There was several things I have tried, One thing you need to understand that on most automobiles the calipers have a square cut O ring on the piston so that they keep a minimal brake pad connection with the rotor, not to keep a heavy drag on the rotor but to stop the piston from retracting which causes gap that makes pedal movement extended, plus it is to keep the rotor cleaned at all times. That said the bigger the o ring the more the grip, I suggest to examine the gap between the booster (air or vacuum) and the master cylinder. You need to know that is a adjusting point, and that if for some reason it has "advanced" its length with that the master cylinder can never retract to its at rest position. for those of us that have had the fun of bleeding a new master cylinder BEFORE installing it on the vehicle know that if when retracting the piston it will suck air back in to the chamber and you will never get the air out, in fact when bleeding that same master cylinder and your using a hose dipped into a clear jar that when you retract the piston you can see a slight amount of brake fluid return back up the hose.

Sorry for the tech breakdown, what this sounds like is your master cylinder is NOT being allowed to return the slight amount of "suck" to help return the caliper pistons to there proper position of at rest. It is a very minimal amount however its a VERY important gap between the booster and the master cylinder, needless to say its VERY important to make sure there is NO air in the hydraulic lines. something best accomplished using a pressure bleeder and often this can be not fully accomplished by just pressing on the brake pedal while someone opens the bleed screw due to now line length, possible ABS module, or abnormal bends in the lines themselves.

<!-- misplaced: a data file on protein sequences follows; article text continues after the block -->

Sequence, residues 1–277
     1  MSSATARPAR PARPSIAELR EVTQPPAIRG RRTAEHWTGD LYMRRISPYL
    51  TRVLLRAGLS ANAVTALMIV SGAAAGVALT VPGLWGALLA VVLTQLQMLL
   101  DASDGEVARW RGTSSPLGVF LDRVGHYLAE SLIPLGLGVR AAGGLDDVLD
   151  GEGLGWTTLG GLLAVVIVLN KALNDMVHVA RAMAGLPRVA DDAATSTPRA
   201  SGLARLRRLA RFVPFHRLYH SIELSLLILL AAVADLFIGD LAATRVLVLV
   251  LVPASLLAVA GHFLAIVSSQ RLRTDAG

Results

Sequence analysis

Good luck, and motor on...

P.S. I believe the gap only needs to be like 1/8 in. 

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Drag feels quite more than expected both directions, in the reverse direction the caliper rotates slightly in the bracket (by design).

Square o-rings should retract the caliper piston a minimal amount when pressure is released, in this cae they appear not to.

I believe the master cylinder is fully at rest with no brakes applied, as fluid flows freely from the reservoir - the fill ports are closed as soon as the master piston is moved, and I also too off 0.005" from the booster piston that actuates the master.

I've bled a few gallons through this using mainly a vacuum bleeder.

No ABS module.

My two thoughts at this point are:

  • the combined remote reservoir and master cylinder height of 4' provides enough hydraulic pressure to create drag
  • somehow caliper rebuilds and rebuild kit square O-rings are oversized and so tight as prevent the piston from retracting naturally


Screen Shot 2022-04-16 at 10.46.41 AM.png

Re: pedal to hydroboost: on this unit the pivot shaft has a zerk (greased it) and it appears to return the whole way - there is some play at the hydroboost actuator rod.